A walk out back behind Allen & Son quickly tells you it’s no typical barbecue joint. Keith Allen, the owner, takes his barbecue seriously. Large brick barbecue pits on either side of a sizeable firebox billow with gray smoke. Watching eyes water from the foggy air, but Allen is unfazed.
It’s 7 a.m. and the sun is slowly starting to rise, Allen’s face is damp from standing in front of the firepit and chopping Hickory logs all morning. You can tell he’s used to it. He’s just a cook doing what he has been for 50-some years now. That’s the way it is, and the way it will be.
Or will it?
For over a century, North Carolina has been known for its thriving pork industry. So much so that it’s developed its very own barbecue debate. And for most North Carolinians, they’re raised on this controversy — tomato or vinegar-based sauce?
But that debate just might be changing. Cities and towns are being urbanized, and the small, close-knit niches of N.C. aren’t so small anymore. In turn, this is changing the way people view, eat and debate barbecue.
Allen could be one of the last barbecue traditionalists, someone who will die sticking to his barbecue beliefs. He’s owned Allen & Son for 47 years and started working in the barbecue business at 19. Four days a week he wakes up at 2 a.m. to make sure his barbecue is cooked the “proper” way.
“The only thing that makes my barbecue more special than anybody else’s is that I’m willing to cook the wood to cook the meat. So the meat interchanges its flavors with the wood,” Allen said.
“Everybody’s got a sauce. It’s the cooking technique that’s really the key, and this is the way it was done for hundreds of years before they found out it was easier to turn electricity on or gas. And once they figured that out, everybody quit working.”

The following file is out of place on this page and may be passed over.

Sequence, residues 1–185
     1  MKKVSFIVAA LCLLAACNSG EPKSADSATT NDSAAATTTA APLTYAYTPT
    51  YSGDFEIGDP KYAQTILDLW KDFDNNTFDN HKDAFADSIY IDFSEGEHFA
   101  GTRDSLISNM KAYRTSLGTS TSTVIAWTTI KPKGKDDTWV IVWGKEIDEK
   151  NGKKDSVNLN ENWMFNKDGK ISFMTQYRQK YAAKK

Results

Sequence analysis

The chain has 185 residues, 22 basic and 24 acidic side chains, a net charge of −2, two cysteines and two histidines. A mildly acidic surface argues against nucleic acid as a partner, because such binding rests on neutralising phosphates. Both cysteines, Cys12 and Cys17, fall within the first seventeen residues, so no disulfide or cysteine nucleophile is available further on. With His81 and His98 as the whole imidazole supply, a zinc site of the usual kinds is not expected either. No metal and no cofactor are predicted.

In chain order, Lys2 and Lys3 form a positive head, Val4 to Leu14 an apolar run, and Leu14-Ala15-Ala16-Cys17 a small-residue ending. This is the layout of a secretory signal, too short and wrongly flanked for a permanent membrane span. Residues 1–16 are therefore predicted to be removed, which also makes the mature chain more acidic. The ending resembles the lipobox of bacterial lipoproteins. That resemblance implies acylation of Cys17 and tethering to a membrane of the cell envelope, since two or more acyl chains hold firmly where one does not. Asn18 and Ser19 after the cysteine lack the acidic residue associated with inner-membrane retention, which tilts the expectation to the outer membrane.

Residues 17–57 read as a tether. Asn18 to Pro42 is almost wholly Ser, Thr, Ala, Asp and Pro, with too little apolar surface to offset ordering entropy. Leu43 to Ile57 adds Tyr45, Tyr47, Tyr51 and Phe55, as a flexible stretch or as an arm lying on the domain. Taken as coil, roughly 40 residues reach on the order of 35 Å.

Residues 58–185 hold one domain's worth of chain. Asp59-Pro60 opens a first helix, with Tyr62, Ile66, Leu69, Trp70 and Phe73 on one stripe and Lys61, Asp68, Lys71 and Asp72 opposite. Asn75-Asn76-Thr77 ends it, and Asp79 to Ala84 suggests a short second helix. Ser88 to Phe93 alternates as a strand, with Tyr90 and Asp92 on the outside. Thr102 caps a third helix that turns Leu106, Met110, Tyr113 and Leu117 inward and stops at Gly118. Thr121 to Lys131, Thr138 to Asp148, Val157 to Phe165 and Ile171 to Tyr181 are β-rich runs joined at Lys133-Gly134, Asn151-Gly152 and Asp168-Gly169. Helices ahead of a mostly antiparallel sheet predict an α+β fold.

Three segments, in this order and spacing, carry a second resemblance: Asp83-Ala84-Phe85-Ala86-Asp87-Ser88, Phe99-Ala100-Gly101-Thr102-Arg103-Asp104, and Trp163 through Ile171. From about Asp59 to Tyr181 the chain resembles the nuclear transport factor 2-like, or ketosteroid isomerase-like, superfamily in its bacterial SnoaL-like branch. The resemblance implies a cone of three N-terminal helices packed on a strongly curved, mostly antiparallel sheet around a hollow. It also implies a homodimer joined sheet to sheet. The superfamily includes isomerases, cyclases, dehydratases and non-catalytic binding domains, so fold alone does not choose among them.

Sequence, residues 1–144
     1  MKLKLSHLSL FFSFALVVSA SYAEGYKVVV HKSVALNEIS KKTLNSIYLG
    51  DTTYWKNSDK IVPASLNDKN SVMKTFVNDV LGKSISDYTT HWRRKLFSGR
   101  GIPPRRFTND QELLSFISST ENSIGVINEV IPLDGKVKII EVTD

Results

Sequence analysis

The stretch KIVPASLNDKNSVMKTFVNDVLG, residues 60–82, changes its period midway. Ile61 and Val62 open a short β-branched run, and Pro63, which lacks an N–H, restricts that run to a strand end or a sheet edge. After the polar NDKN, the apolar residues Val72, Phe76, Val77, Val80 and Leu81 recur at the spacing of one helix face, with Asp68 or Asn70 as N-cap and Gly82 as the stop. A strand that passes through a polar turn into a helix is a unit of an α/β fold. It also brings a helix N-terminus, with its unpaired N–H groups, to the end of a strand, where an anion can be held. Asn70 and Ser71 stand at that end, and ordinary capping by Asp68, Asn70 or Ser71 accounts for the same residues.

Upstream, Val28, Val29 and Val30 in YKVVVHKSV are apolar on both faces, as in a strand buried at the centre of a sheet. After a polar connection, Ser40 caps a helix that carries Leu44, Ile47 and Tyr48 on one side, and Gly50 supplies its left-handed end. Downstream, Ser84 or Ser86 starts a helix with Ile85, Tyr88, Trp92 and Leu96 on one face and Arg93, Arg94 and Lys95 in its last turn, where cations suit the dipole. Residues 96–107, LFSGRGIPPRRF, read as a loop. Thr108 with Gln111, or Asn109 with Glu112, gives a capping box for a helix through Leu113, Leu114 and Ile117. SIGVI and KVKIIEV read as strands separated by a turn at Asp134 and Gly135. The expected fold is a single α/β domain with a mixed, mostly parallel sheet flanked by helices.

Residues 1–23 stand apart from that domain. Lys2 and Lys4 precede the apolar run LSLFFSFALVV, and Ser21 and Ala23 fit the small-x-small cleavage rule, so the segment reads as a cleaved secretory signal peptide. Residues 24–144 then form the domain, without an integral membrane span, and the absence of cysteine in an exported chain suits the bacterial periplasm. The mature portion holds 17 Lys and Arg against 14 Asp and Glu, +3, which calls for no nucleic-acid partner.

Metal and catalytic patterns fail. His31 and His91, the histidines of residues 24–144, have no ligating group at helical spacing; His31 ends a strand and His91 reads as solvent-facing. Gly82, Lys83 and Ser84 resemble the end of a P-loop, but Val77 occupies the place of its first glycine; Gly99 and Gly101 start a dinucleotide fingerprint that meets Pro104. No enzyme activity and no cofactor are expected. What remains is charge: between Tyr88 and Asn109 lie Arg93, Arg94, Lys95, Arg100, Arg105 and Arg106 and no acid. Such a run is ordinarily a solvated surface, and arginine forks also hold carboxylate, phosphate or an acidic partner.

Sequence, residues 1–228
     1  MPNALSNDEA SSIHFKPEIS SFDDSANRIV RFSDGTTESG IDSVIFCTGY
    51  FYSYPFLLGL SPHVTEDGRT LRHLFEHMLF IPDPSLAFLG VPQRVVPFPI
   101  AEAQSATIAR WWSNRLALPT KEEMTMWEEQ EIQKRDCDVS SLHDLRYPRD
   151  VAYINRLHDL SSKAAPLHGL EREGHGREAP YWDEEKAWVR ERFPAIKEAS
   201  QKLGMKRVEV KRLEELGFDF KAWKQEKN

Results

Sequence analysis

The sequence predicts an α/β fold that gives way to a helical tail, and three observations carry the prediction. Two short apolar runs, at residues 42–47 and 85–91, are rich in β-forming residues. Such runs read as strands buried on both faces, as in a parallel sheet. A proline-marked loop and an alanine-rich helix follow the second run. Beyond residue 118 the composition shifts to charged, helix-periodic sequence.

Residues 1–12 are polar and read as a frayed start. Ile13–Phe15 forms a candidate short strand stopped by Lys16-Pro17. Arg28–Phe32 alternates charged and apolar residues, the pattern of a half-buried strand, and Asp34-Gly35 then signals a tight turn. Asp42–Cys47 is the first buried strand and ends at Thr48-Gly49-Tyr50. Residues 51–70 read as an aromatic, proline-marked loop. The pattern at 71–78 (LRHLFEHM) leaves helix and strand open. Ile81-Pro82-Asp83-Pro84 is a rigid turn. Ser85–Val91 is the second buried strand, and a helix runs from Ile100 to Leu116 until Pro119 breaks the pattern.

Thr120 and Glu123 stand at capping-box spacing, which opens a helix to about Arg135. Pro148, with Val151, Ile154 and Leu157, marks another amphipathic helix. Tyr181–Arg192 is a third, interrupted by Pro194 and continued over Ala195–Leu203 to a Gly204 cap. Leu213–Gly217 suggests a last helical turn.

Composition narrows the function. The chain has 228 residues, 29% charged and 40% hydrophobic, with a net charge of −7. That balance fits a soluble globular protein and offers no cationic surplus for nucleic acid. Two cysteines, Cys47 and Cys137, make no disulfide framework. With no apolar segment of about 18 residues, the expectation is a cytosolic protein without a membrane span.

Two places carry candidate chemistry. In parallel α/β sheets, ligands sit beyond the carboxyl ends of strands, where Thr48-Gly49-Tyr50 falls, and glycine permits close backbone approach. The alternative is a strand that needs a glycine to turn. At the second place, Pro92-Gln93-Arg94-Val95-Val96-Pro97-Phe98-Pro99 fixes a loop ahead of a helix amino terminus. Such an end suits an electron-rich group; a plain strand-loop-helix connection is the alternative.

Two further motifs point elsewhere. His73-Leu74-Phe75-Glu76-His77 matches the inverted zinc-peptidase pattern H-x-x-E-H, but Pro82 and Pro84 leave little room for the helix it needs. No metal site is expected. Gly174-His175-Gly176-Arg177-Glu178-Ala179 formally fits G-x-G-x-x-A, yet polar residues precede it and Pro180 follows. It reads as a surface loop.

His Chapel Hill restaurant is outside of town on the other side of I-40, away from the hustle and bustle of university life.
Most of the other barbecue restaurants in the Triangle are located closer to city centers, places where the population is fewer locals and more people from all over the country.
Because of this trend, a lot of restaurants are adapting their menus to fit this changing demographic — thinking less about the barbecue itself and more about the customers.
But not Allen — that’s not his priority.
“I have a lot of customers in particular,” Allen said. “I wouldn’t be out here in the country if I wasn’t able to survive … Once you cross I-40 coming this way, there’s not much here. (If) it wasn’t good enough, people wouldn’t drive here. I’m not trying to be convenient.”
For Allen, barbecue has been a way of life. But for Andrew Moore, owner of Crossties Barbecue in Carrboro, he didn’t open his restaurant because he was raised on smoked meats. He opened it because he was getting a lot of catering requests for barbecue from his other restaurant, Venable.
“It kind of chose me,” Moore said about the barbecue business. “We had Venable first and then the mall approached us about reopening a restaurant in the Southern Rail space that they had acquired. And so I kind of looked at the space and I thought barbecue fit that property very well.”
Adding to that changing demographic in the Triangle, Moore is from Colorado. He doesn’t practice the same traditional barbecue ways that Allen values so dearly.
“I thought, ‘Why don’t we include things from all over the country?’” Moore said. “And make it a barbecue place where you can sample barbecue from all over.”